Baseball: Weather, pitch counts make depth on mound vital in final stretch for Aurora teams

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Rangeview senior Josh Schumacher delivers a pitch during the seventh inning of the Raiders’ 15-2 non-league baseball win at George Washington on May 2. With games stacking up because of weather and pitch limits in effect, Aurora baseball coaches need every viable arm to perform as they push for the playoffs. (Courtney Oakes/Aurora Sentinel)

Josh Schumacher put up video game offensive numbers May 2 in the Rangeview’s baseball team decisive win at George Washington, but his efficient seventh inning appearance on the mound may eventually loom more significant.

The senior shortstop homered twice and drove in seven runs to help build a lead he would protect with one inning of work on the mound in the Raiders’ 15-2 win.

The latest round of weather delays has crammed even more games into the final week-plus or the regular season for Rangeview and Aurora’s other baseball teams, who need to conserve every pitch they can for the stretch run, with this season’s newly-instituted pitch limits further clouding the issue.

Thus, Schumacher’s 11-pitch, 3-strikeout appearance made Raiders coach Brian Gausman smile.

Senior right-hander Cade Crader leads Grandview with five wins this season and figures to make a number of key starts for the Wolves, who play five straight games between May 3-7 and hope to win the Centennial League championship. (Courtney Oakes/Aurora Sentinel)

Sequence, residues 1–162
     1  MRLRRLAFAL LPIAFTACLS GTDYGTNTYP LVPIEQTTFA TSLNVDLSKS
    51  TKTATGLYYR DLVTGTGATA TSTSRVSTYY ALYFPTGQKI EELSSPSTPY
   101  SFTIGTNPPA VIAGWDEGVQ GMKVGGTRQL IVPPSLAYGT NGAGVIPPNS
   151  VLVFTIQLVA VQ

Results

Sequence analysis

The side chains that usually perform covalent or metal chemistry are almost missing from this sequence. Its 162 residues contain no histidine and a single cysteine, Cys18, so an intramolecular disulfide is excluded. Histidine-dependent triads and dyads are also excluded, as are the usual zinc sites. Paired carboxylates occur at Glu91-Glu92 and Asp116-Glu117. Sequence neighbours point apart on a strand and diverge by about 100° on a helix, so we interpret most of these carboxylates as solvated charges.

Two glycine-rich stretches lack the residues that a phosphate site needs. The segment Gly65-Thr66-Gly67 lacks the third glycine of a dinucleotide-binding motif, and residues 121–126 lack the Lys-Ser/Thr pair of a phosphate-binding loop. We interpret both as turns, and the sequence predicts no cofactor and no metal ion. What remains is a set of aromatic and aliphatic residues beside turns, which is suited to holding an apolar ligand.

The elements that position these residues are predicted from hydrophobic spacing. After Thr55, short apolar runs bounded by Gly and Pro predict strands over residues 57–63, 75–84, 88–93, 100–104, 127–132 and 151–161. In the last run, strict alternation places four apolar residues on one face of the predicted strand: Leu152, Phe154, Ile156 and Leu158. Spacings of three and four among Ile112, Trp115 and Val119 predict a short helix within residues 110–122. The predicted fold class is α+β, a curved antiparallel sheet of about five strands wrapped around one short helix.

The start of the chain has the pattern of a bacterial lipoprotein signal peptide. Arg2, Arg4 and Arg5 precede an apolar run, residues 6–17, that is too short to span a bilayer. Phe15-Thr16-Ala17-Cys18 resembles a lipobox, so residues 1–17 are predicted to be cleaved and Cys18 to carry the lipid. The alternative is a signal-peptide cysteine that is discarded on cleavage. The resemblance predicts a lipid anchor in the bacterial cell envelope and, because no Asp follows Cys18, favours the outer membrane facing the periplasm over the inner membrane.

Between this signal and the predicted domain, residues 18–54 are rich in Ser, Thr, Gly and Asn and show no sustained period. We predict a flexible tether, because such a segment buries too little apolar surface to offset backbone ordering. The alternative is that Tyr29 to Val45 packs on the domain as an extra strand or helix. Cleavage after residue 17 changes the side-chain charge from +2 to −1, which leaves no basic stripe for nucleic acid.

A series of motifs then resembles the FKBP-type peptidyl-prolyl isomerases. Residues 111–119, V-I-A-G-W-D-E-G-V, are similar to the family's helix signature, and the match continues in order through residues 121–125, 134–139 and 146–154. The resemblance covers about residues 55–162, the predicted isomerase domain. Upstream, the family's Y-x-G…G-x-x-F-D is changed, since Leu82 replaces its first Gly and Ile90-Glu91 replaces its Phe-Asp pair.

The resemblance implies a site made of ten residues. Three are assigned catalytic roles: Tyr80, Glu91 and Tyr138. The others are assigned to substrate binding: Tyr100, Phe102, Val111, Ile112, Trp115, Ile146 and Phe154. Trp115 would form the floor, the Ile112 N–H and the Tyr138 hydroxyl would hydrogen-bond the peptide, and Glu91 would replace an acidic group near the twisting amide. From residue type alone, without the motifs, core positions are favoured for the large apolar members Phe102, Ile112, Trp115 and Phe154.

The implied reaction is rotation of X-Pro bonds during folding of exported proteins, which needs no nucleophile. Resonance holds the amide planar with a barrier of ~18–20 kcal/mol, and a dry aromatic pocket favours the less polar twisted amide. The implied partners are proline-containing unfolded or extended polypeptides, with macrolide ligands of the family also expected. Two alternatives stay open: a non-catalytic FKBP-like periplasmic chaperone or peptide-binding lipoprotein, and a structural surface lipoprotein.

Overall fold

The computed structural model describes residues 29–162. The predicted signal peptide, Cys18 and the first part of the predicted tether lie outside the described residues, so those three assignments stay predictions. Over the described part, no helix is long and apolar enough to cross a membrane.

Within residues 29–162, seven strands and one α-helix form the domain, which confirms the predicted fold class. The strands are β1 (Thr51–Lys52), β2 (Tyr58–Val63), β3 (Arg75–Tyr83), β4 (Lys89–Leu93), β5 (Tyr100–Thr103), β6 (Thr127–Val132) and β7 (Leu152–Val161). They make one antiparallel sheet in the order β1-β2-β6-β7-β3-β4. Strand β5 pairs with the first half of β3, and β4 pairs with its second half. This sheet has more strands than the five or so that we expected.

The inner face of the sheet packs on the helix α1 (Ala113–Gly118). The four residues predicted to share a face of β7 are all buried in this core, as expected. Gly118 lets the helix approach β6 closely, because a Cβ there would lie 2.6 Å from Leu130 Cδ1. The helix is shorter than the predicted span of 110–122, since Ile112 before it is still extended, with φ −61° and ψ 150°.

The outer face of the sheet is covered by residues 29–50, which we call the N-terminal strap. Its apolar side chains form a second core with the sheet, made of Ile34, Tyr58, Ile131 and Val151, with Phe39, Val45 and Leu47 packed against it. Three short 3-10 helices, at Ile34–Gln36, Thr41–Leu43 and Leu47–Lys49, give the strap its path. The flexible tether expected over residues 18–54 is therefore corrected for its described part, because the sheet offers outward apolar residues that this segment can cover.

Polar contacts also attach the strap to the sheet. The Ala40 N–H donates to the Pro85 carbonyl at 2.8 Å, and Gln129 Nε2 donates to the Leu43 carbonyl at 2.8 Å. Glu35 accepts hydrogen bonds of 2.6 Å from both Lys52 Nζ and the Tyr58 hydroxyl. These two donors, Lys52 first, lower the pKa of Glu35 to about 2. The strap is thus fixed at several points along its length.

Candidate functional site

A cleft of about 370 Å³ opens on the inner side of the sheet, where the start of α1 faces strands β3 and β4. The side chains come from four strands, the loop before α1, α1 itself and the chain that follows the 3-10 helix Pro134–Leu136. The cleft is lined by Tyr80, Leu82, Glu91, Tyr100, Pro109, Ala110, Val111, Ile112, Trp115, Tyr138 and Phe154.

Senior right-hander Cade Crader leads Grandview with five wins this season and figures to make a number of key starts for the Wolves, who play five straight games between May 3-7 and hope to win the Centennial League championship. (Courtney Oakes/Aurora Sentinel)

“It’s not so much about conserving pitchers, but about conserving pitches at this point with way things have backed up,” said Gausman, whose team had four games to play in five days.

“We were able to use Josh instead of putting Gonzalo (Luevano) out there for the last half of the inning and that might have burned 10 or 20 more pitches for him, which could make a big difference in his rest.”

Schumacher — who Gausman planned to used as a closer, but hasn’t needed yet — gladly came on and finished off a game in which Rangeview got strong efforts from senior starter Thomas Rutherford (4 innings) and Luevano (2 innings), a junior.

“It was my first time pitching in awhile and it felt pretty good,” said Schumacher, who pitched just 4 1/3 innings last season, but could surpass that this season.

“G and Thomas had a great game and it’s good to help out so we’ll be able to use them for the next few games.”

Rutherford, Luevano (4-1 with 2.74 ERA), Isaiah Carrillo and Devan Gibbs give the Raiders a rotation Gausman believes can stack up favorably against almost any team from top to bottom.

Relief performances from Schumacher and fellow senior Anthony Gustin could be vital in keeping those main arms fresh.
Strategies have changed in a lot of ways because of the weather and pitch counts.

While coaches always preach patience at the plate, it is especially important in the current climate, where making an opposing pitcher labor for even one inning could have long-reaching effects.